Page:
What McCain did at Saddleback was bring the important Christian Evangelical vote back into his column. A week earlier a friend of mine from near Spartanburg, S.C. (“the buckle of the bible belt”) called me to say all the evangelicals he knew were going to sit this one out because they didn’t trust McCain. After Saddleback he phoned back to say how impressed he’d been with McCain, predicting that the radio preacher James Dobson, leader of Focus on the Family, might finally endorse the Arizona senator.

Beset with gloomy quotes from leading Democrats about the need for their candidate to ratchet up his game and whack McCain, Obama’s camp tried to break the remorseless rhythm of bad headlines. They leaked the news that Obama would name his running mate as vice presidential candidate in the next two or three days, maybe even Monday afternoon.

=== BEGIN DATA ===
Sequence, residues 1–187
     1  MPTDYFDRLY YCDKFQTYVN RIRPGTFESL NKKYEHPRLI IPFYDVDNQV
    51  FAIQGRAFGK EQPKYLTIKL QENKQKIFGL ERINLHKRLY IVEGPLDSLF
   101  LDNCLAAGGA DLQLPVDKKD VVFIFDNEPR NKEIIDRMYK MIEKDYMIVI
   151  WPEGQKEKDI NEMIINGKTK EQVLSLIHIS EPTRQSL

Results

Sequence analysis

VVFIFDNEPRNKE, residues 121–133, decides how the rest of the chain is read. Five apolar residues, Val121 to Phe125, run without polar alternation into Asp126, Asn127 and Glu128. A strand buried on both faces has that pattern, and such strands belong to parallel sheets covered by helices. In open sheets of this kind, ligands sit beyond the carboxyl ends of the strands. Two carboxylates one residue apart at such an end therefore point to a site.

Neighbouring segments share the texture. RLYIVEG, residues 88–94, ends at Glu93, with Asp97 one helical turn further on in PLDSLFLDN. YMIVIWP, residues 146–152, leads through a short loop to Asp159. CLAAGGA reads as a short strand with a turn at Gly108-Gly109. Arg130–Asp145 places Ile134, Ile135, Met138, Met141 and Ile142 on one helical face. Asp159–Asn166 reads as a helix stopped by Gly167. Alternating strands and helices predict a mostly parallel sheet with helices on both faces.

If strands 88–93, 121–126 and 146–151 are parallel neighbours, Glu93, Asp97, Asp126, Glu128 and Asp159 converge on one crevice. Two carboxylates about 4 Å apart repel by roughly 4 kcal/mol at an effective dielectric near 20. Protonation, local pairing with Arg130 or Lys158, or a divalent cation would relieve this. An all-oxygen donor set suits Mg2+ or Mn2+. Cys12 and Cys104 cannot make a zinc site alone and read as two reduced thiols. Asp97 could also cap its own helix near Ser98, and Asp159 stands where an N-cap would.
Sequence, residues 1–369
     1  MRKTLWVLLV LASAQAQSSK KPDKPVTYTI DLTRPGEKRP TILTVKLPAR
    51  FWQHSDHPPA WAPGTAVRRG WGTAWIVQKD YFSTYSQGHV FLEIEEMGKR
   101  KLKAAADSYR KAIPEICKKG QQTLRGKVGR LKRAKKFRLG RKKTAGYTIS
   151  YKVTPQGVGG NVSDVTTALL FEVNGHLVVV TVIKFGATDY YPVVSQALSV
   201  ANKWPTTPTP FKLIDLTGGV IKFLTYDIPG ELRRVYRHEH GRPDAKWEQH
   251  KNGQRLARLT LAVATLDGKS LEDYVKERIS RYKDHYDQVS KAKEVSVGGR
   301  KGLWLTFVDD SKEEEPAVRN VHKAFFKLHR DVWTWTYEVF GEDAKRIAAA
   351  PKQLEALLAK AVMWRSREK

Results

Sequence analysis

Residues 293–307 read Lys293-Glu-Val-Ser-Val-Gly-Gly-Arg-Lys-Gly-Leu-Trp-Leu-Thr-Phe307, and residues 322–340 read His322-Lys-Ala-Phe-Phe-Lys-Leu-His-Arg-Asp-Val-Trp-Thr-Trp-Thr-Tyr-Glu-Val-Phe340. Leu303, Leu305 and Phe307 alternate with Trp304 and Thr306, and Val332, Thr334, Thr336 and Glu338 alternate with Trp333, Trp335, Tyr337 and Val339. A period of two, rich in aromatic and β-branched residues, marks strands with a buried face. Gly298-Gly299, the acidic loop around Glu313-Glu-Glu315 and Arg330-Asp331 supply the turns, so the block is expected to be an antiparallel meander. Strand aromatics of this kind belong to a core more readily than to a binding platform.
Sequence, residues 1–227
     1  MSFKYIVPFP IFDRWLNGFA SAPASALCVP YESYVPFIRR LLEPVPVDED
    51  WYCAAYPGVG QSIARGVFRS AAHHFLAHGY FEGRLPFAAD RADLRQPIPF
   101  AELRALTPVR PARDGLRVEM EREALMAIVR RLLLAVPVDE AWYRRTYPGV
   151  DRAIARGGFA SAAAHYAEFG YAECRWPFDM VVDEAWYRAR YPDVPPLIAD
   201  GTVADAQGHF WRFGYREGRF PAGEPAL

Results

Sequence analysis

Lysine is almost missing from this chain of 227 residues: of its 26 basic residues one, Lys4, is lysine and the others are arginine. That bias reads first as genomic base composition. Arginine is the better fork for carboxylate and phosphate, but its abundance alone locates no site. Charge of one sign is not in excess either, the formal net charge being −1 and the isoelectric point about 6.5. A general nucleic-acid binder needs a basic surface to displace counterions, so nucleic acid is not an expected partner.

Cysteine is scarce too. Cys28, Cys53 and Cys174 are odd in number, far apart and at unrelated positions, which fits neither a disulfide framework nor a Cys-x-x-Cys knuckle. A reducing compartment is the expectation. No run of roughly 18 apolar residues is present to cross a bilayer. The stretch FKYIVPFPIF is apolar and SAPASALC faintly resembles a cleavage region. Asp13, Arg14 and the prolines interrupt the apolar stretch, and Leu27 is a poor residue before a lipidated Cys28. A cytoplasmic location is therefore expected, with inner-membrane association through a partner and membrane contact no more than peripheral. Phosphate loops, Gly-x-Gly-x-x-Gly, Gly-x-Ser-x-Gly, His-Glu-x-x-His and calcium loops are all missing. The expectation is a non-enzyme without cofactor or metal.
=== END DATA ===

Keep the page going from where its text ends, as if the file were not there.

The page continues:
The tactic worked. Inside dopester stories in the press duly followed on the possible picks. But on Wednesday the Reuters-Zogby poll reported that McCain had suddenly surged ahead, and was leading Obama nationally 46-41. Reuters-Zogby is well regarded, but this year has a somewhat spotty record. Two other big polls reporting Thursday had Obama leading McCain 45-42

Polls aside, it was obvious Obama has lost the initiative. Democrats were beginning to recall with a shiver John Kerry’s disastrous summer in 2004, when his candidacy began to sag in the face of ruthless battering.